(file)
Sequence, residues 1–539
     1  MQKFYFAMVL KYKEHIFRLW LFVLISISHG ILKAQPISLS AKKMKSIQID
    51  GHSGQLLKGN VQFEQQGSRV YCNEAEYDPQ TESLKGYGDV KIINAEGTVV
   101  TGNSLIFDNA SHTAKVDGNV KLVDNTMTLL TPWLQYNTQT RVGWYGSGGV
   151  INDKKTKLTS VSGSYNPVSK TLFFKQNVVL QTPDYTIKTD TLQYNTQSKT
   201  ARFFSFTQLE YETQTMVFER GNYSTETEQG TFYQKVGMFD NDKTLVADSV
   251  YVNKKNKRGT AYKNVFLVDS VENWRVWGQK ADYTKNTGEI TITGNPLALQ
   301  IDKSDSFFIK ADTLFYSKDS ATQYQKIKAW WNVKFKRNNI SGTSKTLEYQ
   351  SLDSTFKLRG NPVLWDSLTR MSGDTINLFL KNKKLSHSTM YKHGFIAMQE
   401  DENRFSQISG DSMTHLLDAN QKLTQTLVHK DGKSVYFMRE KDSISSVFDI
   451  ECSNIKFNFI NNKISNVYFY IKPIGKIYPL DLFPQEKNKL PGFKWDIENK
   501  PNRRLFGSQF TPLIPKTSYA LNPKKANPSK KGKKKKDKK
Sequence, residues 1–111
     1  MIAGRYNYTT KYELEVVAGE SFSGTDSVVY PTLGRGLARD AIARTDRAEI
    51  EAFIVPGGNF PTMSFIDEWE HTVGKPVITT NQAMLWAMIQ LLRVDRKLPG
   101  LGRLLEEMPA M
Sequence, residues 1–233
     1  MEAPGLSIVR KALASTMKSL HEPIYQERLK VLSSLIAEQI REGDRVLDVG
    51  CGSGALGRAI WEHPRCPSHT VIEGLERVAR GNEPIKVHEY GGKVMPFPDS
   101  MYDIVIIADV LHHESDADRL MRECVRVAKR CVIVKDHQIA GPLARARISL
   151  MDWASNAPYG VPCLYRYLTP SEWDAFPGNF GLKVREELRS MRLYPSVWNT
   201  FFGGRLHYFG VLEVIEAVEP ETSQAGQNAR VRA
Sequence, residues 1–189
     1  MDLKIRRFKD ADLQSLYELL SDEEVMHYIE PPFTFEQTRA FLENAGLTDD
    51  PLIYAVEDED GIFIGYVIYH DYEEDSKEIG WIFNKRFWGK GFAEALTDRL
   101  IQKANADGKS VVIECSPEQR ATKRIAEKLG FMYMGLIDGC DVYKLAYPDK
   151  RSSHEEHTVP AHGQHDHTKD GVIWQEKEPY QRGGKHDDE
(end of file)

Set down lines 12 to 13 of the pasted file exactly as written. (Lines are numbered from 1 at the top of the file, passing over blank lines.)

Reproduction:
   501  PNRRLFGSQF TPLIPKTSYA LNPKKANPSK KGKKKKDKK
Sequence, residues 1–111